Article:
Review by Carly Timpson; Photos Courtesy Heritage Auctions
DALLAS — Nearly 700 lots of historical artifacts evincing American milestones and memories were offered during Heritage’s Americana & Political Auction on November 13-14. After two days of bidding, the sale achieved $1,591,200 and sold 92 percent of its offered lots.
A true collectors-driven auction, most of these lots went home with private buyers. Curtis Lindner, the Americana and political director at Heritage Auctions, shared that quality, unusual pieces performed well, as expected. “People are still confident in investing their money into collectibles; it really is a healthy, robust market.”
One of the most prominent features of this sale was the selection of more than 20 celebrated flags from the Zaricor Collection, one of the world’s largest and most significant collections of American flags. Each of the offerings from Zaricor was paired with documentation outlining the item’s exhibition and publication history. Though, as Lindner shared, “flags are always popular with collectors,” the detailed record of each flag’s provenance certainly inspired buyers. The top three sales all hailed from Zaricor’s collection.
Leading the sale was a 50-star American flag that was recovered from the ruins of the World Trade Center in the aftermath of the September 11, 2001, attacks. One week after the tragedy, David Bliss, a volunteer firefighter from Ohio, discovered the still smoldering flag while digging through the rubble that was once the South Tower. Ben Zaricor acquired the flag in 2003 after it was displayed in Walt Disney World’s EPCOT World Showcase and in San Francisco at the Presidio exhibition, “The American Flag: Two Centuries of Concord and Conflict.” The hallowed South Tower flag earned $52,500.
Finishing at $35,000 was a very rare early form of the iconic “First National” Confederate flag. This version is particularly desirable to collectors as flag historian Howard Madaus identified it as having military, rather than private patriotic, use. This historic flag was once part of the Star-Spangled Banner Flag House Museum’s collection before Zaricor obtained it in 1996.
A handloom embroidered United States Presidential Office flag, likely used in the White House during Franklin D. Roosevelt’s first term, was sold for $32,500. The silken yarn used in the embroidery on this flag serves as an indication of the president’s status as Commander-in-Chief at official military ceremonies. This was likely among the last flags made in this pattern, as the updated US Presidential flag was designed in 1945, when the eagle’s head was turned to face the olive branch and a ring of stars replaced the four corner stars.
Also performing well was the 1868 presidential campaign flag for Ulysses S. Grant — a shockingly rare find. The flag’s 37 stars are arranged in a desirable medallion pattern: a large central star with two rings surrounding it and a star in each corner outside the rings. In the center of the flag is a detailed portrait of Grant with the slogan, “The People’s Choice,” situated above his head. Blue text in the white stripe beneath the portrait reads “Grant & Colfax.” This flag soared to $30,000.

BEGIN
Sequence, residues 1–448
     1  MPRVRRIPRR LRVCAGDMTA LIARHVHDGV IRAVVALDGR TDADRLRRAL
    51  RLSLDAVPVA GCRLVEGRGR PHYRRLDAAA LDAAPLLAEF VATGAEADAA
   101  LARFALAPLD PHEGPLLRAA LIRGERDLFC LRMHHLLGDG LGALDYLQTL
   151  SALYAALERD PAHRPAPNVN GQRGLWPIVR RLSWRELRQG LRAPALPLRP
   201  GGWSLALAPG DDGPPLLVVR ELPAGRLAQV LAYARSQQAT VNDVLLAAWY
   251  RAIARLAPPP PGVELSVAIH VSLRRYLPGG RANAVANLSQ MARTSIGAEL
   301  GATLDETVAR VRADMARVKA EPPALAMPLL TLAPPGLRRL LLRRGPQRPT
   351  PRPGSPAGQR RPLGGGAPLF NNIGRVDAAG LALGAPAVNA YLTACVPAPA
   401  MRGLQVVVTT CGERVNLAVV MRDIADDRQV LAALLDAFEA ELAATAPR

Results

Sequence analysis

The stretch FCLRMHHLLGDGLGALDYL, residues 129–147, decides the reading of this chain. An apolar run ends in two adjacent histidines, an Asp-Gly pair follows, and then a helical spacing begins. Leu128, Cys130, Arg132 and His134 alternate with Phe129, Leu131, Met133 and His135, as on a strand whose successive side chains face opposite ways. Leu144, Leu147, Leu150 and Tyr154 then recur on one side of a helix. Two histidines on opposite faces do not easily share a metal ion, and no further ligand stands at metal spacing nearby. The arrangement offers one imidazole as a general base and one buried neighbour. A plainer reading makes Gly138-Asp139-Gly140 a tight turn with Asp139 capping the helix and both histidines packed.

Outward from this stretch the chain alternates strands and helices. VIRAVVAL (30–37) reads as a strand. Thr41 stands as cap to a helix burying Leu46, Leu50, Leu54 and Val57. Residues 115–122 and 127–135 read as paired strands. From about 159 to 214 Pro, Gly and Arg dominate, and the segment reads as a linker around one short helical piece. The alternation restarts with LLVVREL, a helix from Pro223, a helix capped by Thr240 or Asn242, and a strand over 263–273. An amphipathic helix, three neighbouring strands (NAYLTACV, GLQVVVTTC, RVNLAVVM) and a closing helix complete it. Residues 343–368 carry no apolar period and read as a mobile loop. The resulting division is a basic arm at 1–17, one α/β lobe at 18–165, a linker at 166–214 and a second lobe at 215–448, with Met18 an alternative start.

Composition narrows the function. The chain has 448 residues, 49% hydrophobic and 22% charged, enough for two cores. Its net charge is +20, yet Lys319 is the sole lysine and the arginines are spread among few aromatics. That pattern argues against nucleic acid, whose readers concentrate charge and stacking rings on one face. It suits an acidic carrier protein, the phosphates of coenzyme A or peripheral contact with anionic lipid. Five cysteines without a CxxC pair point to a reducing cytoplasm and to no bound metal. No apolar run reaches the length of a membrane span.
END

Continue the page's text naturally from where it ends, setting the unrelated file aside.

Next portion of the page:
Kennedy memorabilia collectors were thrilled to see a number of lots containing personal items pertaining to the president. Most notably was a pair of cufflinks originally belonging to John F. Kennedy and given to White House maid Viola Wise during the summer of 1963. The pair features the Presidential Seal and are engraved with the president’s initials on the reverse. Lindner shares that “the most interesting thing about them was actually the letter written by the maid who had them. She has held on to them for all these years and her letter shows their provenance.” Paired with Wise’s charming letter on White House stationery, the cufflinks brought $27,500.
Another Kennedy piece that showed great success was a commemorative Cuban Missile Crisis calendar given by the president to George W. Ball in 1962. This Tiffany & Co silver paperweight displays an October 1962 calendar with the 13 days of the crisis, from 16 to 28, emboldened, emphasizing the significance of that period on the nation’s history. Kennedy commissioned 30 paperweight mementos to be given to members of the National Security Council’s Executive Committee to honor their work during that time and only one other calendar from the set is known to have passed on to a private collector. This one sold for $27,500.
A poster advertising “New York’s Birthday Salute to President Kennedy” was also among the top performers of the day. On Saturday, May 19, 1962, the Democratic Party hosted a fundraiser and birthday celebration for President Kennedy at Madison Square Garden in New York City. It was at this party that Marilyn Monroe performed her sultry rendition of “Happy Birthday” for the honored guest. Unlike tickets, programs or other small papers advertising this sensational event, posters are incredibly hard to find. Lindner shared that the price of $26,250 for this poster was indicative of its rarity.
It was not only items relating to presidents that saw success. Lindner said, “Items and things owned by famous people and personalities tend to garner a lot of interest and do well.” One such item was a top hat owned by J. Pierpont Morgan. Complete with a monogrammed storage case, and given its excellent condition, the hat earned $27,500.
Heritage’s next political and Americana sale will be in March.
Prices reported include the buyer’s premium, as reported by the auction house. For more information, www.ha.com or 877-437-4824.